Anyone looking for a new Hanukkah-themed children’s book might take interest in a little-known fact in American history: the famous Boston Tea Party of 1773 took place on the last night of the Jewish freedom festival. Fictionalizing the coincidence, Tami Lehman-Wilzig, Rabbi Deborah R. Prinz, and Fede Combi invite readers to imagine a connection between the Maccabees’ rebellion and the heroic uprising of American colonists against Great Britain. Indeed, The Boston Chocolate Party follows Sephardic Jews as they seek freedom and prosperity in their new home. When unfair British taxation policies galvanize patriots to protest, the lives of Jews and their neighbors intersect in a surprising way.
At the beginning of the book, Joshua Mendes and his father are waiting for a ship to dock in Newport harbor. This impressive vessel is bringing a cargo of chocolate beans for shipment to Boston, where residents will use them to make a substitute beverage for politically controversial tea. But here at home in Newport, the Sephardic community is already prepared to convert the beans into a delicious drink, and to serve it on the festival of Janucá (Hanukkah). A cozy scene of celebration features the family enjoying hot chocolate, the fried dough pastry buñuelos, and the glow of the chanukiyah placed in the window. A portrait of the Rambam (Maimonides) hangs in a place of honor over the fireplace. The picture offers passage into discussion about different cultures within the Jewish world.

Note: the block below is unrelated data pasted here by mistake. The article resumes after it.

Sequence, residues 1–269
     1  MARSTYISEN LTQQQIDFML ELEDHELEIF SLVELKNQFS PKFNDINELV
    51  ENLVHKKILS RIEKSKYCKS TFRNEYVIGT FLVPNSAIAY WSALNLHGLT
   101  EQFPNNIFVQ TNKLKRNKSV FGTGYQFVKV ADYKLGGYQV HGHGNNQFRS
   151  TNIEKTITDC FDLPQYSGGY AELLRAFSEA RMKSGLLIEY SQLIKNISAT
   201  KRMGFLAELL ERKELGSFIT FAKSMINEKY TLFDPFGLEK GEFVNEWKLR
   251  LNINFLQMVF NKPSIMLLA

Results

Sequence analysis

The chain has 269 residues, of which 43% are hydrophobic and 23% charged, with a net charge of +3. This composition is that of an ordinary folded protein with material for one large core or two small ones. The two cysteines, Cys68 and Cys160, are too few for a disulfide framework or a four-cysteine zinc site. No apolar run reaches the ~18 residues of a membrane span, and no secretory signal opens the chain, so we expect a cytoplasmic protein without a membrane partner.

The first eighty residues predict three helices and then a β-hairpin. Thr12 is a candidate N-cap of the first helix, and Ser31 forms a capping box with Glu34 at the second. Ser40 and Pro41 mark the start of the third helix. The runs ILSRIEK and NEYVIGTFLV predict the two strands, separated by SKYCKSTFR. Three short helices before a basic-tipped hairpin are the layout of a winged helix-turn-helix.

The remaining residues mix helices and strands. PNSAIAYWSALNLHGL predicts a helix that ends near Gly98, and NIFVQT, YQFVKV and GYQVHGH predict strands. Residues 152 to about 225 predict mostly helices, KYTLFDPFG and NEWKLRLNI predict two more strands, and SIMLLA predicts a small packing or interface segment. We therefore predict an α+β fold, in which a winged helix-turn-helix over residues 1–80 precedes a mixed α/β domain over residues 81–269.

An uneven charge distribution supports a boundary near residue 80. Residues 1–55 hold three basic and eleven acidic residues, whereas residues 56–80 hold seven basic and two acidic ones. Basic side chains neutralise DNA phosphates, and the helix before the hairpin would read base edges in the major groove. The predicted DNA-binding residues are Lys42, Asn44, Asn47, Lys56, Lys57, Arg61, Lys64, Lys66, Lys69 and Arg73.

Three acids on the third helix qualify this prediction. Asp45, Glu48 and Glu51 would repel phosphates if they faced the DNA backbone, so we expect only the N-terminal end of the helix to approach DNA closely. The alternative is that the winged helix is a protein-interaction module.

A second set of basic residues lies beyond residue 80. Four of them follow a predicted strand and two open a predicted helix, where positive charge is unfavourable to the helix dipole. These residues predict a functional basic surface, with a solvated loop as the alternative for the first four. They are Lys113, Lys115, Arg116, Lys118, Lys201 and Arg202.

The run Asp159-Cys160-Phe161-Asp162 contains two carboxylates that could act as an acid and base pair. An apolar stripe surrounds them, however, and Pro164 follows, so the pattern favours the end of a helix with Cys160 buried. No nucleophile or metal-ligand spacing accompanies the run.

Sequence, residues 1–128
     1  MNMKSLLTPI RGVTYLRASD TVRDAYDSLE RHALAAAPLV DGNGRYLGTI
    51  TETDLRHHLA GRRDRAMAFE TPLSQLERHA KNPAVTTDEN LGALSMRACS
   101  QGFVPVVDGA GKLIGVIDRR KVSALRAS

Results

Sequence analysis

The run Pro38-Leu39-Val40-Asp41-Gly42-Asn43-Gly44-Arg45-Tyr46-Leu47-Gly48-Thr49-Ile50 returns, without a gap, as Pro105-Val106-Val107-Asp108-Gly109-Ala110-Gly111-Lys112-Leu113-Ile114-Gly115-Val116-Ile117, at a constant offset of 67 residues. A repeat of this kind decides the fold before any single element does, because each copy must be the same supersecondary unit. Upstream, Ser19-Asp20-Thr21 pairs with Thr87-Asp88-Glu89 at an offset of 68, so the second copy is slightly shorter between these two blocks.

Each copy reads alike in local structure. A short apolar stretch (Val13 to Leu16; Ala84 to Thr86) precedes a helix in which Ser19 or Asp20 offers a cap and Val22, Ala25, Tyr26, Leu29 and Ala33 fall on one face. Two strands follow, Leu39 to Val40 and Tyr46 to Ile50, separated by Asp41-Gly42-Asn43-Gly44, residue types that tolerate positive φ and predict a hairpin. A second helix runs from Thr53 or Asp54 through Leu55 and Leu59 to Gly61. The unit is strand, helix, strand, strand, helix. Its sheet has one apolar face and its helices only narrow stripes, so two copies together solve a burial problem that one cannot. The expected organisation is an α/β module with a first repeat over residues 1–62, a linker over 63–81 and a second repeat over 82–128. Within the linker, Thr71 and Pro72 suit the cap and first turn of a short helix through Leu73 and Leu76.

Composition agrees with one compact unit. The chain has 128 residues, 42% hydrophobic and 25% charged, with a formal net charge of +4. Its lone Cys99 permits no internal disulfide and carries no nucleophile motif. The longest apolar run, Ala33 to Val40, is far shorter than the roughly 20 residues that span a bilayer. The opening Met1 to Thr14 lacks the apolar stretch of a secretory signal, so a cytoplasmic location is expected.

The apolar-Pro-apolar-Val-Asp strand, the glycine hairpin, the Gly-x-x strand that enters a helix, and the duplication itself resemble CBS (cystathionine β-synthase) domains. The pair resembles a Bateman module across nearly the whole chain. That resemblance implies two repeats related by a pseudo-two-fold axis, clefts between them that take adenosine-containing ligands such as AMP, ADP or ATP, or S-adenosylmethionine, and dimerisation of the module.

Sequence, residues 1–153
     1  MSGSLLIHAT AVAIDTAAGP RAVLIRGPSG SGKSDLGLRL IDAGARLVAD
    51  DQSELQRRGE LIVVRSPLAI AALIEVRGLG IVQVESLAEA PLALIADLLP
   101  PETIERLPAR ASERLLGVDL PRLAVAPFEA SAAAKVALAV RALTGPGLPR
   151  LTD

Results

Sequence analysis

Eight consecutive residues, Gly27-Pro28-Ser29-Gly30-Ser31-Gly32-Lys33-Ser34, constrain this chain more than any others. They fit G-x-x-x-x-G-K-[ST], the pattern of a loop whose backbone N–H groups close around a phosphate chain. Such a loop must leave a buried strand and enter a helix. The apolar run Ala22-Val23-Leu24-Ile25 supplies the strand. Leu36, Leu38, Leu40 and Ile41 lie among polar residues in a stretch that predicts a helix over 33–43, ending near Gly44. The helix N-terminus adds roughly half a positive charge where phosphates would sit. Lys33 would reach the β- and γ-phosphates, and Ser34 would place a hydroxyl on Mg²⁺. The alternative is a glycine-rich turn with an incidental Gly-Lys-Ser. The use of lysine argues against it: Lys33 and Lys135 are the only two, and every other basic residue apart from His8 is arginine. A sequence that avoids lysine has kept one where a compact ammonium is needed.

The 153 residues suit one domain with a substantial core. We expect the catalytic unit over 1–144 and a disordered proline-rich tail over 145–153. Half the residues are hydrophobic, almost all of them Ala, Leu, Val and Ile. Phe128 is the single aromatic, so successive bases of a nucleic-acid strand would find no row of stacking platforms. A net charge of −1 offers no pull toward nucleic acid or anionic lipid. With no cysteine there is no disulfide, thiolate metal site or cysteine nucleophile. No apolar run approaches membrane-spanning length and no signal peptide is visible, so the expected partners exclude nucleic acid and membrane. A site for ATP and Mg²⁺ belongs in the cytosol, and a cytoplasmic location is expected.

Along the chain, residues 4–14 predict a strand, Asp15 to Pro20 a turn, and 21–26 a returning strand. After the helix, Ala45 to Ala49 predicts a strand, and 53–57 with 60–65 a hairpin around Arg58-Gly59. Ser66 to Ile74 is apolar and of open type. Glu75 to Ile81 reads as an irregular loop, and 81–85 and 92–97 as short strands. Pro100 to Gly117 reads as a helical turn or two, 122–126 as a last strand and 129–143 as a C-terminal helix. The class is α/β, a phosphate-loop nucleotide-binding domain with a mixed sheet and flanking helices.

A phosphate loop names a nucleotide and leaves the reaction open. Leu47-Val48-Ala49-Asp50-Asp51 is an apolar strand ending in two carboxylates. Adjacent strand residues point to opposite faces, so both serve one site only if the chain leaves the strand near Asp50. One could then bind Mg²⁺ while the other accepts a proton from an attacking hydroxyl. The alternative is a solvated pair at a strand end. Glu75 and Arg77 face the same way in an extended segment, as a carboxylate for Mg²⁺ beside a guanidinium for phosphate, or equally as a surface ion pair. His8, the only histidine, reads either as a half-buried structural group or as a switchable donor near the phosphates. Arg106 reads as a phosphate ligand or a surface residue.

When Joshua finally convinces his parents to allow a visit to his friend Isaac in Boston, the two stories of courageous uprising, Jewish and American, cross paths. Isaac’s family, like that of many others in the colonies, is struggling. His widowed mother can barely put food on the table, let alone provide the extra delicacies expected for the holiday. Personal initiative and communal aid matter equally when Isaac’s mother, with the help of her friends, opens a small business ready to serve chocolate to eager Bostonians. The food becomes both a means to economic betterment and an act of patriotism.
As Joshua and Isaac look through the window, they suddenly become witnesses to a dramatic turning point in the colonies, with Isaac noting that the demonstrators outside “look angry.” He comments that the “tea party” taking place does not look like a party at all — although the authors point out in their afterword that the title of “Boston Tea Party” was not used at the time the protest took place. Given that this is a book for young children, the authors choose to make the connection explicit.
Just like any celebration of Hanukkah/Janucá, there are many ingredients contributing to this appealing new book. Jewish multiculturalism, community support in the face of adversity, and a thirst for freedom all add up to an engaging story about a Jewish American past.
Emily Schneider writes about literature, feminism, and culture for Tablet, The Forward, The Horn Book, and other publications, and writes about children’s books on her blog. She has a Ph.D. in Romance Languages and Literatures.